When it comes to employee whistle-blowing, it’s difficult to know whether or not accusations of safety violations should be taken seriously. However, a recent federal investigation has found that the Federal Avian Administration’s whistle-blowing instances have proven to be true in most cases. In fact, almost thirty different whistle-blowing safety complaints have been verified – safety complaints that could save lives, reduce the number of airplane accident injuries, and prevent aircraft accidents in general.
The safety complaints cover a variety of airplane accident topics, ranging from air traffic control issues to improper procedures to inadequate manuals to airplane equipment maintenance concerns. Many believe the number of whistle-blowers – and the treatment they receive after they go public – means that the FAA has a lot of work to do as an agency, especially to keep aircraft passengers safe from airplane accident and airplane incidents.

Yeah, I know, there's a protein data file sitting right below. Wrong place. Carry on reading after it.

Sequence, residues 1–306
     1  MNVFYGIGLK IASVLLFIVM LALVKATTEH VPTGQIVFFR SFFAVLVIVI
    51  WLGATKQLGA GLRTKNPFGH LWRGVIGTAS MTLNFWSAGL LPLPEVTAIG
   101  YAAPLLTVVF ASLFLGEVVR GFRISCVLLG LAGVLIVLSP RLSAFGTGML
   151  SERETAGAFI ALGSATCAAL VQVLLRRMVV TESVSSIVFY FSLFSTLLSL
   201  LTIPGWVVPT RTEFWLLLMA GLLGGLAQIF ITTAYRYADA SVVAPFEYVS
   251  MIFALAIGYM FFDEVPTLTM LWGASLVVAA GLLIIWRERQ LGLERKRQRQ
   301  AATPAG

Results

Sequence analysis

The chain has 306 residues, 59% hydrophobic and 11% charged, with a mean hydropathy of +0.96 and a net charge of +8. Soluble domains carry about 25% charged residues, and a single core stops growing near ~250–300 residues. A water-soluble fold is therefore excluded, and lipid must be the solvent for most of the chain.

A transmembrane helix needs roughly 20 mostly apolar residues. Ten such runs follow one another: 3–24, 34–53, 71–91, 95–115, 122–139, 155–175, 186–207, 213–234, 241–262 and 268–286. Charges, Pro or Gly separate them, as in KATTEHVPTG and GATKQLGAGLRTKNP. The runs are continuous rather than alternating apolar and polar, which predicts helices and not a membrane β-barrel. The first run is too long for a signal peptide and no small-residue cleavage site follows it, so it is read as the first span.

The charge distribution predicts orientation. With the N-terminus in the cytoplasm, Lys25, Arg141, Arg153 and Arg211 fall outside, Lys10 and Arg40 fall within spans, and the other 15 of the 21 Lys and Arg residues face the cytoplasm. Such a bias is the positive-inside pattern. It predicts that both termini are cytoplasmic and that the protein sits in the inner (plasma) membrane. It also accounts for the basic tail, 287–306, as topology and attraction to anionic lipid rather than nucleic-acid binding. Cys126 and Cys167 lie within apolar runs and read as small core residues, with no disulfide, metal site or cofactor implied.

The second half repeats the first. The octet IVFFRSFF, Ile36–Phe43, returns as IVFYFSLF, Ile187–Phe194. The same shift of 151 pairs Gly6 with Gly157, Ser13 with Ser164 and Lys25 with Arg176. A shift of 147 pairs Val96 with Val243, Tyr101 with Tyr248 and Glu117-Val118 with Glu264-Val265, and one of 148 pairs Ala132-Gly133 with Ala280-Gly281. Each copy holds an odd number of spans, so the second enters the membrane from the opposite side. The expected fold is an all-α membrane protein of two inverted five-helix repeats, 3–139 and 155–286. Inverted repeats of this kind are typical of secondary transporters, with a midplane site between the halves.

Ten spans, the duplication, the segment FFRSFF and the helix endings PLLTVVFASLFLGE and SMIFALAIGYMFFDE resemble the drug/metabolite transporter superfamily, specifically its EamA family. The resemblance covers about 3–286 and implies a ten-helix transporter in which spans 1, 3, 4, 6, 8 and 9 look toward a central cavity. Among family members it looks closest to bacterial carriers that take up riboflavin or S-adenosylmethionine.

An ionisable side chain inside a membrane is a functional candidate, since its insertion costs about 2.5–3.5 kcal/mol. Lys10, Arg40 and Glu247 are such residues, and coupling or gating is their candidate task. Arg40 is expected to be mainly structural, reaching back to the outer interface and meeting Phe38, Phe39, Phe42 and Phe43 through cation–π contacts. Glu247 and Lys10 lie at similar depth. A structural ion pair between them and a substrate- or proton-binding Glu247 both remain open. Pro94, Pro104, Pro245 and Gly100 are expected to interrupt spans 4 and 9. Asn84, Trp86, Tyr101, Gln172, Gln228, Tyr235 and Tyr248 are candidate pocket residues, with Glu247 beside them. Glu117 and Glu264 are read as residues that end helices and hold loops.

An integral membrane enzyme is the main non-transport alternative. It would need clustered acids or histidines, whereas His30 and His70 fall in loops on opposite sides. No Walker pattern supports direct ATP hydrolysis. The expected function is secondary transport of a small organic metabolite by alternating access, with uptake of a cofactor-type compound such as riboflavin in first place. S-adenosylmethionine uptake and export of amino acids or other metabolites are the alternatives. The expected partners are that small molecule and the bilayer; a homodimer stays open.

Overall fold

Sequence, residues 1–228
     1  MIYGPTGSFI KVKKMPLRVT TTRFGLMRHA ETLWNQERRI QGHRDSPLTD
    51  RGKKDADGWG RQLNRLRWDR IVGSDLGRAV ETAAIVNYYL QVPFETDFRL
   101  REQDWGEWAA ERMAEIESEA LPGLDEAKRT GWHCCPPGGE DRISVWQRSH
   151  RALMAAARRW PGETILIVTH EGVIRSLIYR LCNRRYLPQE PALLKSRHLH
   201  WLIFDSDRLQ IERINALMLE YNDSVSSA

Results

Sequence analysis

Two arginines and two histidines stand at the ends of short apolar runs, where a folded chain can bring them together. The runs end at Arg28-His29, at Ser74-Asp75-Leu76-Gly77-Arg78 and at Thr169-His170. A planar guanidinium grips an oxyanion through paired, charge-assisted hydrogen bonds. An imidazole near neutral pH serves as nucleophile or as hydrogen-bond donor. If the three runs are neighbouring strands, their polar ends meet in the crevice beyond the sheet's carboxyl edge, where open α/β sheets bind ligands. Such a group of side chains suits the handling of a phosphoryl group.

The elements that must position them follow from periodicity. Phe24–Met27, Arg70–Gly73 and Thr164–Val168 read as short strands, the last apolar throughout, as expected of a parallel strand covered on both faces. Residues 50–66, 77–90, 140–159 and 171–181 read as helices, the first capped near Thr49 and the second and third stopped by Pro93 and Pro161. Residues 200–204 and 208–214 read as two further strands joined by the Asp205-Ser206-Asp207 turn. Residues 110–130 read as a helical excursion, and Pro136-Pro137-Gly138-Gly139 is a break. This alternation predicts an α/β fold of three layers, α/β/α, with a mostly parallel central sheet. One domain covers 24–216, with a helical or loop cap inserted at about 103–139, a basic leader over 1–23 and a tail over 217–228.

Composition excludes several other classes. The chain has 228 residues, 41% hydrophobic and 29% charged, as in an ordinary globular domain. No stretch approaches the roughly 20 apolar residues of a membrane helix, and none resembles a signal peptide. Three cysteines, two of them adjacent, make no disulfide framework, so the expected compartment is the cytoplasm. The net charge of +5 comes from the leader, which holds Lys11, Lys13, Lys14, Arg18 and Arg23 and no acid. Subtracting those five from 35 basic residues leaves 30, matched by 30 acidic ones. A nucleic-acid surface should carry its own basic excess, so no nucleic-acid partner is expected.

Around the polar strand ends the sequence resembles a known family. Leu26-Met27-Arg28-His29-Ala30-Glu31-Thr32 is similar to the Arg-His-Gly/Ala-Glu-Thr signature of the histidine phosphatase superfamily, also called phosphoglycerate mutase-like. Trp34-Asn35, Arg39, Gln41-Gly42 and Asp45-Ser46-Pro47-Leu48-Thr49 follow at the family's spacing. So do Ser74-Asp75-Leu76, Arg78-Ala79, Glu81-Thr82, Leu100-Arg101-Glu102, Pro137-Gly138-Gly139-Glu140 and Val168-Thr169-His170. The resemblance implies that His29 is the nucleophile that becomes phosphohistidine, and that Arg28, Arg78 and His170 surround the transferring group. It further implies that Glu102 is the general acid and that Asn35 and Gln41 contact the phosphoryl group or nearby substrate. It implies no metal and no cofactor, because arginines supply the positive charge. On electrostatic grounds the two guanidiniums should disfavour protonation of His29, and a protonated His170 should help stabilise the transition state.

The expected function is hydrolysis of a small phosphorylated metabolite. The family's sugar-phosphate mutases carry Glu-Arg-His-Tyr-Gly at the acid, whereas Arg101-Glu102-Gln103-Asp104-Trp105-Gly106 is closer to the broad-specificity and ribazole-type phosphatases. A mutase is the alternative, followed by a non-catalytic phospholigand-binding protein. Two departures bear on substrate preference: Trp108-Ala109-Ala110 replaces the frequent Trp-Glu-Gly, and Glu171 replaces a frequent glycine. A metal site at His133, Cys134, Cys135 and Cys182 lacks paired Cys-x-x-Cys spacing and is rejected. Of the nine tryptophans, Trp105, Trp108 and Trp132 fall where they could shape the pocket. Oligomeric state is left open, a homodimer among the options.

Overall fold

Specifically, federal officials from the whistle-blower protection office cite cases in which whistle-blowers are ignored by the FDA, demoted, and even shamed. One whistle-blower, FAA inspector Christopher Monteleon, had his aviation inspection credentials revoked after he brought attention to Colgan Air safety issues. This February, a Cogan Air plane went down in Buffalo and killed everyone on board.
In many cases, the Office of Special Counsel found that not only were whistle-blowers often correct in their assessment, but that in many cases the FAA left it up to the airline that they were regulating to assess and fix the problems brought to light. Some believe that whistle-blowing safety claims may be muffled by the FAA’s culture and by lobbyists who affect decision-making.